Ravello Tunic/Dress

Item #L20032
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Rated 5 out of 5 by from As pretty on as it looks in the picture Have worn this to work over black linen trousers, out for a drink and am looking forward to wearing to over bright blue cut offs on holiday
Date published: 2012-07-14
Rated 5 out of 5 by from When first deposited, the materials are loose, b For this same reason he should never look down upon anyone who may be poorer than himself, or envy anyone richer than himself. A scout's self-respect will cause him to value his own standing and make him sympathetic toward others who may be, on the one hand, worse off, or, on the other hand, better off as far as wealth is concerned. Scouts know neither a lower nor a higher class, for a scout is one who is a comrade to all and who is ready to share that which he has with others. The most important scout virtue is that of honor. Indeed, this is the basis of all scout virtues and is closely allied to that of self-respect. When a scout promises to do a thing on his honor, he is bound to do it. The honor of a scout will not permit of anything but the highest and the best and the manliest. The honor of a scout is a sacred thing, and cannot be lightly set aside or trampled on.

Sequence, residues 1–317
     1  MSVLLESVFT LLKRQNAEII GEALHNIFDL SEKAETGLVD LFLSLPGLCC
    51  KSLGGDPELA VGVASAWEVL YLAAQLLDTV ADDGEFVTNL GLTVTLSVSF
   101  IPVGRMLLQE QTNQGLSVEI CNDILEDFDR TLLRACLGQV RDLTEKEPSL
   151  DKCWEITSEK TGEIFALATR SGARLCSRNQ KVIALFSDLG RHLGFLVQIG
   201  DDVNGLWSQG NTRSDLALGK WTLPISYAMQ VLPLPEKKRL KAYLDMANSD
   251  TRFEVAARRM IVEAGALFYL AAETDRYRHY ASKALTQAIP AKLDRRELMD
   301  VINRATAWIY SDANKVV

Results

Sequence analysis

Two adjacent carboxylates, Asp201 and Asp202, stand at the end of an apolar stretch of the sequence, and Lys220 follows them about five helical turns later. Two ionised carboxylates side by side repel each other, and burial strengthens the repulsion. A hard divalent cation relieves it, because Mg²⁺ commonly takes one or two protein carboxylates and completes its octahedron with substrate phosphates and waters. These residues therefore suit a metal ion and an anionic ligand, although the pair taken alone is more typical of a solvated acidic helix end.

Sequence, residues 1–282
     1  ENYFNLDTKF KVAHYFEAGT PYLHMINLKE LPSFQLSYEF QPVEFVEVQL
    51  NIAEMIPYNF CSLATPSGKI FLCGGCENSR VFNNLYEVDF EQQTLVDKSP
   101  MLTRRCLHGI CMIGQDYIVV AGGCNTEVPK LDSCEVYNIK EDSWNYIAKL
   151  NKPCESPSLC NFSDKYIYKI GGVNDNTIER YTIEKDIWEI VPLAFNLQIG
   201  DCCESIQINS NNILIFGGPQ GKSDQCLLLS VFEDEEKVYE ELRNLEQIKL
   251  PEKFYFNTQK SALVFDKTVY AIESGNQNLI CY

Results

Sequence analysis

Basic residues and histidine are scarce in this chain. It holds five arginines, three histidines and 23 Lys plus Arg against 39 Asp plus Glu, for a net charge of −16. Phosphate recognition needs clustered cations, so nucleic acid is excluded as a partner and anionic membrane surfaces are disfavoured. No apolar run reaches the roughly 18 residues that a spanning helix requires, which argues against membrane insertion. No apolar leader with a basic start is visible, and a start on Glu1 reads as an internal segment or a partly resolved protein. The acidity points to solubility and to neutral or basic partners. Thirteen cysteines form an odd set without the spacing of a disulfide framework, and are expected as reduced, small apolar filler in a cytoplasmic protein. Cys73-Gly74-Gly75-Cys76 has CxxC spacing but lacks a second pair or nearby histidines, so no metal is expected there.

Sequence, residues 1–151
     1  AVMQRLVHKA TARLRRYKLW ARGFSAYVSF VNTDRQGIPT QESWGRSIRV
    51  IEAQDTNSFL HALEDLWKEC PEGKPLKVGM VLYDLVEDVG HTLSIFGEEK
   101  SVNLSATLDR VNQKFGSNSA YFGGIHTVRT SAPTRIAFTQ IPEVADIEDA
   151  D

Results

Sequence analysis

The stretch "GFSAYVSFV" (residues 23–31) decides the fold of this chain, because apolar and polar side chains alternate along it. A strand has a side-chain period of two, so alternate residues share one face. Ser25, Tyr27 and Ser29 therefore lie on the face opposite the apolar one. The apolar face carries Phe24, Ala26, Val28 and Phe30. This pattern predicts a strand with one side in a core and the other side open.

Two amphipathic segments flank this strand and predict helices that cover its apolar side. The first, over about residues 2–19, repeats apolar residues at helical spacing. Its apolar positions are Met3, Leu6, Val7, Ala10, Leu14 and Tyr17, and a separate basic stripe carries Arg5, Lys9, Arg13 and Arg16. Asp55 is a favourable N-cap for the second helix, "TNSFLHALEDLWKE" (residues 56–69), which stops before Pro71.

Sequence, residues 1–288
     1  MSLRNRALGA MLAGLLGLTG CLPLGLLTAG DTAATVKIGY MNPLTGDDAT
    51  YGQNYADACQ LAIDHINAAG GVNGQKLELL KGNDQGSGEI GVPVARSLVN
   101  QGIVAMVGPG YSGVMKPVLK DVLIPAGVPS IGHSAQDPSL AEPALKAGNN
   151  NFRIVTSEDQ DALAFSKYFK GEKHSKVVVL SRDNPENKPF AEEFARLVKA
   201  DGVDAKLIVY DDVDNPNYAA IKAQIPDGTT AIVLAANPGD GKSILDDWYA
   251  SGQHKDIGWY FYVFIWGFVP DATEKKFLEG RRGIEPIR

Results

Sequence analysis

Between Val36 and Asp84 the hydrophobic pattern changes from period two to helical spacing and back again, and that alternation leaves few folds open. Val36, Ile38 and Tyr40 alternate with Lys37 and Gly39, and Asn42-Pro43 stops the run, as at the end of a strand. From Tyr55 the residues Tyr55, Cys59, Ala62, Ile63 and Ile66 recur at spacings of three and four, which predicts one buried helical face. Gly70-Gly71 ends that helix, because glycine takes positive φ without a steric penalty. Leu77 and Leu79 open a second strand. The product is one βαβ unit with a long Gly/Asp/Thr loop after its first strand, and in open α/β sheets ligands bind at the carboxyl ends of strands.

Date published: 2012-06-07
Rated 3 out of 5 by from The honor of a scout is a sacred He must always be bright and smiling, and as the humorist says, "Must always see the doughnut and not the hole. A bright face and a cheery word spread like sunshine from one to another. It is the scout's duty to be a sunshine-maker in the world. Another scout virtue is that of thoughtfulness, especially to animals; not merely the thoughtfulness that eases a horse from the pain of a badly fitting harness or gives food and drink to an animal that is in need, but also that which keeps a boy from throwing a stone at a cat or tying a tin can on a dog's tail. If a boy scout does not prove his thoughtfulness and friendship for animals, it is quite certain that he never will be really helpful to his comrades or to the men, women, and children who may need his care. And then the final and chief test of the scout is the doing of a good turn to somebody every day, quietly and without boasting. This is the proof of the scout. It is practical religion, and a boy honors God best when he helps others most.
Date published: 2012-06-07
Rated 4 out of 5 by from The crocodiles resemble lizards in shape, but are very much larger and live only in the tropics and the adjacent regions of the temperate zone. To this order belongs our North American alligator, which inhabits the states bordering the Gulf of Mexico and the coast country along the Atlantic Ocean as far north as North Carolina. They are hunted for their skin, which furnishes an excellent leather for traveling bags, purses, etc.
Date published: 2012-06-07
Rated 5 out of 5 by from A bright face and a cheery word spread like sunshine from one to another. It is the scout's duty to be a sunshine-maker in the world. Another scout virtue is that of thoughtfulness, especially to animals; not merely the thoughtfulness that eases a horse from the pain of a badly fitting harness or gives food and drink to an animal that is in need, but also that which keeps a boy from throwing a stone at a cat or tying a tin can on a dog's tail.
Date published: 2012-06-07